I brought with me the book I’m reading, which is Twenty-Eight Artists and Two Saints, essays by Joan Acocella, in case I might have a moment to read or the little girl was really precocious. Because I used to be an editor and had to read a lot of submissions and then I was a depressed drunk living in a small town and then I was in jail, I wasn’t familiar with Ms. Acocella. She is the book and dance critic for The New Yorker. I like her because she is both erudite and sensible. She doesn’t mince words; she’s witty and sharp. She wrote a great essay on Primo Levi which prompted me to check out from the library The Periodic Table. I’ve read his books about Auschwitz, and I’m looking forward to reading this collection of linked stories about his life and his profession, chemistry. The book’s epigraph is a Yiddish proverb:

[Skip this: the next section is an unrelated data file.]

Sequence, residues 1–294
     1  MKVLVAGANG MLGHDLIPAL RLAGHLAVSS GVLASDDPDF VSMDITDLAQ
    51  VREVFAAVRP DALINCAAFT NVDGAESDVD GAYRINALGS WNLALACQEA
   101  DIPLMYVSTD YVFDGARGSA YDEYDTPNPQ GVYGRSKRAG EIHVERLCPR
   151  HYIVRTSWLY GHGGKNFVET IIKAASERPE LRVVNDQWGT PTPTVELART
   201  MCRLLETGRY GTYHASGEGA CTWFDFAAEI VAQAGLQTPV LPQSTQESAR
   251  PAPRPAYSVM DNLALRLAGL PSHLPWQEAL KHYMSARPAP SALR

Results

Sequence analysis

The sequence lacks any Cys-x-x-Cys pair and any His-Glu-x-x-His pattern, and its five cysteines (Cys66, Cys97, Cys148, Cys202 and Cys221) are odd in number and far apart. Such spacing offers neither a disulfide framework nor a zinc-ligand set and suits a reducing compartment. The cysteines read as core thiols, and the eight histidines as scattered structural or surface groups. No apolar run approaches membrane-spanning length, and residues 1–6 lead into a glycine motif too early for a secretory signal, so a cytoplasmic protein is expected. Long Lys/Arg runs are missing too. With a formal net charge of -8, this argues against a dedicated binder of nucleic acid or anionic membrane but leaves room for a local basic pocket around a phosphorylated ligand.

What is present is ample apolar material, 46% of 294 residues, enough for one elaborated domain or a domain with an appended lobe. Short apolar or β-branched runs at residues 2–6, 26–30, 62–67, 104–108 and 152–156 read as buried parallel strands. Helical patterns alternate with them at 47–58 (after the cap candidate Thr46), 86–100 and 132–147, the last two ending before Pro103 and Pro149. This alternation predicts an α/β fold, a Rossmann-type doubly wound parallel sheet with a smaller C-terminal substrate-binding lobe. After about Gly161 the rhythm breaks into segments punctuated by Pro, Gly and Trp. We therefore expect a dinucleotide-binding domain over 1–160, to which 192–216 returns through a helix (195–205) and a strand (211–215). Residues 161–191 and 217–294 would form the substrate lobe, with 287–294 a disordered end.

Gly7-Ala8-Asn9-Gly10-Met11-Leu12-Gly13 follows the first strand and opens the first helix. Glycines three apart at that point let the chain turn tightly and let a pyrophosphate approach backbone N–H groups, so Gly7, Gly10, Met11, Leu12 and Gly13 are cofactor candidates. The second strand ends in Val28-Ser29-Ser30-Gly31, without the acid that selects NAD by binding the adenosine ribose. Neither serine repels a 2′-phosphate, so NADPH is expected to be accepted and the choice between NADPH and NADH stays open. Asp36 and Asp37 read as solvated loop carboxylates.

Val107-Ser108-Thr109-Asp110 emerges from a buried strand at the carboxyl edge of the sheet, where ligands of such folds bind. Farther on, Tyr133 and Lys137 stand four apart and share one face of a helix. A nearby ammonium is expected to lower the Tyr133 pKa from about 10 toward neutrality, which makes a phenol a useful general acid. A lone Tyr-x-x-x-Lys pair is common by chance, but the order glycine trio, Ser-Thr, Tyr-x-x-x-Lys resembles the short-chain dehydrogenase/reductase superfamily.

Ibergekumene tsores iz gut tsu dertseylin.
Troubles overcome are good to tell.
Acocella also writes a tidy essay on Frank O’Hara, who is my favorite poet. About his poem, “A True Account of Talking to the Sun at Fire Island,” found after he died and controversial in that some say it portends his early death, she says “… to me the most remarkable thing about it is O’Hara’s sense of blessedness, an emotion that surfaces again and again in his verse.”
Sometimes I need things spelled out and I will note here that the recent sunny days and glad happenstance of the last week have me feeling blessed, too. The sun says to Frank in the poem:
always embrace things, people earth
sky stars, as I do, freely.
That sun is a hep cat.
I’ve been listening over and over to Joni Mitchell’s cd Blue and this song Carey, in particular. And yeah, that’s her, not me. I love the line but it also reminded me of the final scene in Little Girl’s living room. Her father came home. As he entered the house, she exclaimed “No! No!” and then she climbed into my lap and put her arms around my neck. Ha! Nice for me. A little embarrassing for the poor “mean ol’ daddy.”
P.s. Countdown to the Canadians: 16 days!